Linus Pauling a two-time Nobel Prize winner has died at his Big Sur ranch at the age of 93 yesterday after being in frail health for several months.
He won the Nobel Prize for chemistry in 1954 and the Nobel Peace Prize in 1962. His Nobel Peace Prize was for his crusade against nuclear weapons tests. His Nobel Prize for chemistry was for work into the nature of the chemical bond and the understanding of the structure of complex substances.
A native of Portland, Ore. Pauling received a bachelor’s degree in chemical engineering from Oregon Agricultural College in 1922 and a doctorate in chemistry and mathematical physics from Cal Tech in 1925. He was best known for his advocacy of the use of vitamin C as a preventive measure to ward off diseases such as cancer. “Pauling was the most influential chemist of the century,” said Henry Taube, a Stanford professor emeritus of chemistry and also a Nobel winner.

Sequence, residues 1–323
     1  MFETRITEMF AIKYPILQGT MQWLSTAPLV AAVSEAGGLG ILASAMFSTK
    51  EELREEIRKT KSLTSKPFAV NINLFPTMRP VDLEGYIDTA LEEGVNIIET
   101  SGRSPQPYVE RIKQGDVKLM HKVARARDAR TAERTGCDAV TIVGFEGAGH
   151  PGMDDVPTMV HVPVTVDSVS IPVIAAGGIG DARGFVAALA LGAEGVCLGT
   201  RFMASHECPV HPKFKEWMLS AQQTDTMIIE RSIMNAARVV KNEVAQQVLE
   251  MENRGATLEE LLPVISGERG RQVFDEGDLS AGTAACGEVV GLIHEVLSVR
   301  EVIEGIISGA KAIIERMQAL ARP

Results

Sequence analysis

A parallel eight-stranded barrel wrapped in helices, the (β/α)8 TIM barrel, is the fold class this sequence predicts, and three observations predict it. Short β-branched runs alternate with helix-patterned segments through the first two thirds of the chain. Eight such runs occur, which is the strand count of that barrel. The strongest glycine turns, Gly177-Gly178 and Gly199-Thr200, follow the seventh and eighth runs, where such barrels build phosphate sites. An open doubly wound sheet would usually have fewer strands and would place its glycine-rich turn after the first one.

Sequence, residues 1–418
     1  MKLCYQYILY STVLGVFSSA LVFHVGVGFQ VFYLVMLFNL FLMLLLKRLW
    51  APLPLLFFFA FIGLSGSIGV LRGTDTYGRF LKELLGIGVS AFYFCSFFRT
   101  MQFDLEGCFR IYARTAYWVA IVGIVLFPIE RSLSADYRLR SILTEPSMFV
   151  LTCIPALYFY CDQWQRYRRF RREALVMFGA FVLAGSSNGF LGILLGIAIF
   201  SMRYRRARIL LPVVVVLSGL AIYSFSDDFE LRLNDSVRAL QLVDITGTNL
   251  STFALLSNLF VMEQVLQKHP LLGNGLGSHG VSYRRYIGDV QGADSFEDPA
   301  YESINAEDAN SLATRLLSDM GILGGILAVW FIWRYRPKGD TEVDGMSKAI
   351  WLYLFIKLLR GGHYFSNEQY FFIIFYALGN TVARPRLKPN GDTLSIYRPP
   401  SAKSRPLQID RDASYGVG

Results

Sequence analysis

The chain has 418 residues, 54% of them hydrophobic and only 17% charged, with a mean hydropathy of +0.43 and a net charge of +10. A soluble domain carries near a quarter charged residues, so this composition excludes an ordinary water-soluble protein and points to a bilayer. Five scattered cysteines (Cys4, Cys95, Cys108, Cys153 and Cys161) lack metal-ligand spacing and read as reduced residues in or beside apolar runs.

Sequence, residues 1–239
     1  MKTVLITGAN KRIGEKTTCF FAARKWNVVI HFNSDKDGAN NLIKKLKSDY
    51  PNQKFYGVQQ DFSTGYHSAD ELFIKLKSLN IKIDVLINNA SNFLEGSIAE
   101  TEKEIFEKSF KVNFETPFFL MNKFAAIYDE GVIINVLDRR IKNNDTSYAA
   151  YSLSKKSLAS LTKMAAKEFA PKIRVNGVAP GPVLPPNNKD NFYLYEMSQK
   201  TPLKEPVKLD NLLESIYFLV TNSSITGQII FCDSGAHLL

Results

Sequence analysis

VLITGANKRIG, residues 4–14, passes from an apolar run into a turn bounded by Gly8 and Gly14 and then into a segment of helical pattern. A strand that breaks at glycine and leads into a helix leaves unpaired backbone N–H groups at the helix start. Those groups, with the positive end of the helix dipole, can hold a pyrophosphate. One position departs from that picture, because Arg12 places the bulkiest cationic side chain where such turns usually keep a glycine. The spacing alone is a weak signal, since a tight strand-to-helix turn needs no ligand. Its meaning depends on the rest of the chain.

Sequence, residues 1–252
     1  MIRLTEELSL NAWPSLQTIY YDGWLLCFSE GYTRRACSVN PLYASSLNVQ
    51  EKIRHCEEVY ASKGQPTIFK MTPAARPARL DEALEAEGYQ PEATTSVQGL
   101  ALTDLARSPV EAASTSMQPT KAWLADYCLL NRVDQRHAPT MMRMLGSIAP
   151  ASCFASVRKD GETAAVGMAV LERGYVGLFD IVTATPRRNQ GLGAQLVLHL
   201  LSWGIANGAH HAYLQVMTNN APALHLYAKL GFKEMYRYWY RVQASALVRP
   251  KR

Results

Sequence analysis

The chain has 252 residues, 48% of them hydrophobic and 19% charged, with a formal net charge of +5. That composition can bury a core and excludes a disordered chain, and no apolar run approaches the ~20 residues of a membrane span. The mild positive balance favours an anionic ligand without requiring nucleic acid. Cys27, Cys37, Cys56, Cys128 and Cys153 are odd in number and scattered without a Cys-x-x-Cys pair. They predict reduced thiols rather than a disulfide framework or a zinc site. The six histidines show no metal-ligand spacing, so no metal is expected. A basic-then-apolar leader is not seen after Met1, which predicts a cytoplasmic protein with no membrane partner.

He founded the Linus Pauling Institute of Science and Medicine in 1973. The institute moved to Palo Alto in 1980 where he was a professor emeritus of chemistry at Stanford University.
In addition to teaching at Stanford, Pauling was a faculty member earlier at the California Institute of Technology and the University of California, San Diego, and taught at the Study of Democratic Institutions in Santa Barbara.
He had long maintained that extra doses of vitamins, including vitamin C, can extend the normal life expectancy by 25 years.
He is survived by a sister; four children, including Crellin Pauling of Portola Valley; 15 grandchildren; and 19 great-grandchildren.
Memorial services will be held in the near future at Stanford Memorial Church.